Waiting to see your final adjustments and hopefully you'll either track it or take it to the twisties for a serious eval.
How about H&R? I'm sure you'd be happy with that setup, especially if you don't track the car.

As for doing the install yourself, if you've done Passats and A4s in the past, then this will be no problem. You've dealt with the compression fitting for the shock to the spindle (grumble). The only difference with this suspension is that the upper front strut mount, where it goes into the strut tower, is actually a cast piece, and the spring/shock/mount form one unit.

I won't be tracking it for a few months, but you can bet that I'll be pushing it through the mountain roads once the temperatures increase.
 

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Discussion Starter · #12 ·
That is for sure.

Europa, did you get a 4-wheel alignment done yet? If not, I assume you're planning on it?
I'm going to do the alignment once I get a few more miles on it. I'll re-torque the bolts, set the ride heights, and then bring it in.
 

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Discussion Starter · #13 ·
Can someone explain this 400lbs and 600lbs stuff, what is it and how do you decide what you need to set it at?
The spring rate, expressed in pounds, refers to the amount of weight (force in pounds) needed to make the spring compress by one inch. Different spring rates between front and rear will affect the car's balance. By comparison, race cars often have spring rates from around 1000-1200 in the front (depends upon weight, circuit, etc.). Handling improves as you increase spring rates, but it's not a linear gain (and a too-high spring rate for a given car will actually make handling much worse). The dampening rate also plays a big role, and this must be tuned to the spring rates. One of the great things about STaSIS is that they'll help you pick the optimal rates for what you want to do, and these rates are based upon a lot of proper engineering and testing. I chose a setup that would allow the baby and the wife to stay asleep in the car. If you buy a pre-packaged kit like H&R or KW, you basically get the pre-determined spring rates. That's fine, but you have to accept this limitation.
 

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Discussion Starter · #15 ·
Europa:
Thanks for the insight. Sounds like I better start saving a lot more!
That's quite a bit more than I was expecting to spend.
Having a V6, I probably can drop the fronts to 600lbs. and keep the 400lbs. out back.

My original plan was to have the dealer install them. I can actually do it myself (I've done about a dozen VW B5 Passats, and a couple of A4's in the past) but the incentive to have it serviced and warrantied by Audi has driven me to have Stevens Creek Audi do it instead. Depending upon a possible sale in the future, I can hold off for another year to save for this. This is a "want to have" rather than need to have.

Waiting to see your final adjustments and hopefully you'll either track it or take it to the twisties for a serious eval.
One other thing to consider is thay a key advantage of coilovers is the ride height adjustability. I will be making adjustments to ride height - higher in winter for snow, then lower for summer and if I ever track the thing. If you don't see the need for adustability, perhaps wait for a Bilstein non-coil over setup to be released. It'll be even less expensive.
 

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The spring rate, expressed in pounds, refers to the amount of weight (force in pounds) needed to make the spring compress by one inch. Different spring rates between front and rear will affect the car's balance. By comparison, race cars often have spring rates from around 1000-1200 in the front (depends upon weight, circuit, etc.). Handling improves as you increase spring rates, but it's not a linear gain (and a too-high spring rate for a given car will actually make handling much worse). The dampening rate also plays a big role, and this must be tuned to the spring rates. One of the great things about STaSIS is that they'll help you pick the optimal rates for what you want to do, and these rates are based upon a lot of proper engineering and testing. I chose a setup that would allow the baby and the wife to stay asleep in the car. If you buy a pre-packaged kit like H&R or KW, you basically get the pre-determined spring rates. That's fine, but you have to accept this limitation.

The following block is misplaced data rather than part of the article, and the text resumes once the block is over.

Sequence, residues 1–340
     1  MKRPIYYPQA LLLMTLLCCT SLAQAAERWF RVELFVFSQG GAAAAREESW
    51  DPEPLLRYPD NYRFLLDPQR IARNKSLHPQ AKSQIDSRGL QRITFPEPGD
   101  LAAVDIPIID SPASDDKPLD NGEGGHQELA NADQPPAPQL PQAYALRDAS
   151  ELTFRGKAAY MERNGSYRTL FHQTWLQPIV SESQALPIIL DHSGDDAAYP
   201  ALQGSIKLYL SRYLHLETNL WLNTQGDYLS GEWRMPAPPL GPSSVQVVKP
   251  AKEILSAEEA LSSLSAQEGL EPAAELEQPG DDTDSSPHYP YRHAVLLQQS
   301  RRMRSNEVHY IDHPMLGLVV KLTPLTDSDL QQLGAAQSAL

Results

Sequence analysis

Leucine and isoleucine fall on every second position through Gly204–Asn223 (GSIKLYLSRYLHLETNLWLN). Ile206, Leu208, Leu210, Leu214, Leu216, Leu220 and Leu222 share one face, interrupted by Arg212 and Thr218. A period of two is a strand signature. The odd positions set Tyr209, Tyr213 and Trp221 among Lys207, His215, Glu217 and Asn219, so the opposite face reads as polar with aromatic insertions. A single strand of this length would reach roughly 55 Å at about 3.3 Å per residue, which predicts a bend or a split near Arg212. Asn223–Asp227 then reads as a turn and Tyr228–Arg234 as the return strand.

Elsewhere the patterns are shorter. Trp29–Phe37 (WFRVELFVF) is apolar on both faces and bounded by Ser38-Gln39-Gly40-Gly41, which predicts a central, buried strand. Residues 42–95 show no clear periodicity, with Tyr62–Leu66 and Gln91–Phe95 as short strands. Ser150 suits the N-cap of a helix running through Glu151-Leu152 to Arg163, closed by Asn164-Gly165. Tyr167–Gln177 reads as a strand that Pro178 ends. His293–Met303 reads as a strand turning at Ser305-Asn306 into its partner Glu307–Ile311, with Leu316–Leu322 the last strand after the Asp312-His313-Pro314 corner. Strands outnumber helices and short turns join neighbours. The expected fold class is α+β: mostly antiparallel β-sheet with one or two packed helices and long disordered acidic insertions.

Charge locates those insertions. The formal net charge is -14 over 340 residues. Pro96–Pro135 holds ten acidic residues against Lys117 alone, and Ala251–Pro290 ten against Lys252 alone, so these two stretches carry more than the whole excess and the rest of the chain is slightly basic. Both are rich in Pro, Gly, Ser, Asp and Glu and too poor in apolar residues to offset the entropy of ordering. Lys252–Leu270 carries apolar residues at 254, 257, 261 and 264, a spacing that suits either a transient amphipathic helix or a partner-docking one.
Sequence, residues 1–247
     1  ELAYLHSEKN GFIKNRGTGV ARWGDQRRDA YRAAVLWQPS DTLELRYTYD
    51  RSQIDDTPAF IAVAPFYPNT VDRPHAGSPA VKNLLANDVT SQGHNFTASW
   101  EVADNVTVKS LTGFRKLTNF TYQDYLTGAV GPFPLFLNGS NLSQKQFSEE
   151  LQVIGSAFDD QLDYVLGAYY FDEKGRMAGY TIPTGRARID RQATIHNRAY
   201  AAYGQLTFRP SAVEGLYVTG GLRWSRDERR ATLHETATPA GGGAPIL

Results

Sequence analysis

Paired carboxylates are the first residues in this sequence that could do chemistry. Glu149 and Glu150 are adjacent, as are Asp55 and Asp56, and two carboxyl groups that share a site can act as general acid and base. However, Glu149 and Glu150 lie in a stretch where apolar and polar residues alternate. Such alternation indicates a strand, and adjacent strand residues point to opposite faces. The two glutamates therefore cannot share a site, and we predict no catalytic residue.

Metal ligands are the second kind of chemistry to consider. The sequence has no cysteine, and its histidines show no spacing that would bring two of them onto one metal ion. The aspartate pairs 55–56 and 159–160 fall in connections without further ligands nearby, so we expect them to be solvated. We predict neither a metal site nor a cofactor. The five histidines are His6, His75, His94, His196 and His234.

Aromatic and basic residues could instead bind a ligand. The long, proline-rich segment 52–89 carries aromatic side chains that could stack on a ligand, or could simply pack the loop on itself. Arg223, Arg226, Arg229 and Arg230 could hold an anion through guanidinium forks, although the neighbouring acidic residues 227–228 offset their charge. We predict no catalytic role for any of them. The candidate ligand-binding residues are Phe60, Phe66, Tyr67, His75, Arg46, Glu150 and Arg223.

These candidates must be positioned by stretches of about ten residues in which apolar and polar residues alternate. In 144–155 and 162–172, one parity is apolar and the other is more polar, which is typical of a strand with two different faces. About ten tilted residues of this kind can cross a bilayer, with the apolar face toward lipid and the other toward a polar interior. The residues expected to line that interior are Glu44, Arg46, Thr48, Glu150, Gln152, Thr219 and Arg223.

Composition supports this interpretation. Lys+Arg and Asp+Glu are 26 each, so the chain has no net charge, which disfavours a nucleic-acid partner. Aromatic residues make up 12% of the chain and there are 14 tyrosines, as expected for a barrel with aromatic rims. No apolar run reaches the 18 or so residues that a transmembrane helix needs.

I see, thanks for the explanation, hence the reason I hadn't heard about this when people have installed the KWs and H&R before.

I haven't really heard of Ohlins before, on what sort of level are they with regards to quality parts in comparison to KW version 3 and H&R as the cost of the SL Sport kit is so much more than theirs?
 

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Discussion Starter · #18 · (Edited)
I see, thanks for the explanation, hence the reason I hadn't heard about this when people have installed the KWs and H&R before.

I haven't really heard of Ohlins before, on what sort of level are they with regards to quality parts in comparison to KW version 3 and H&R as the cost of the SL Sport kit is so much more than theirs?
The quality level of Ohlins is much higher than either of the KW or H&R (longevity of the shock, components strength, minimized weight, ability to service/rebuild/re-valve to spec), but that's not the only reason they're pricey. While I'm not sure how KW or H&R create systems for the numerous set of cars for which they offer systems, I can't help but think that they merely measure the mount points, the weight of the cars, and pick up-rated spring/dampening rates and call it done. STaSIS, on the other hand, employs a full engineering and testing process to optimize the suspension to the car. I know they went through a long iterative process when designing this kit. A good number of the guys there are trained, experienced engineers, with competitive racing experience (and their own Speed Challenge team). I'm sure H&R and KW are of fine quality.
 

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Discussion Starter · #20 ·
That, my friend, is up to you. I obviously vote for STaSIS. What is right for you depends upon your priorities.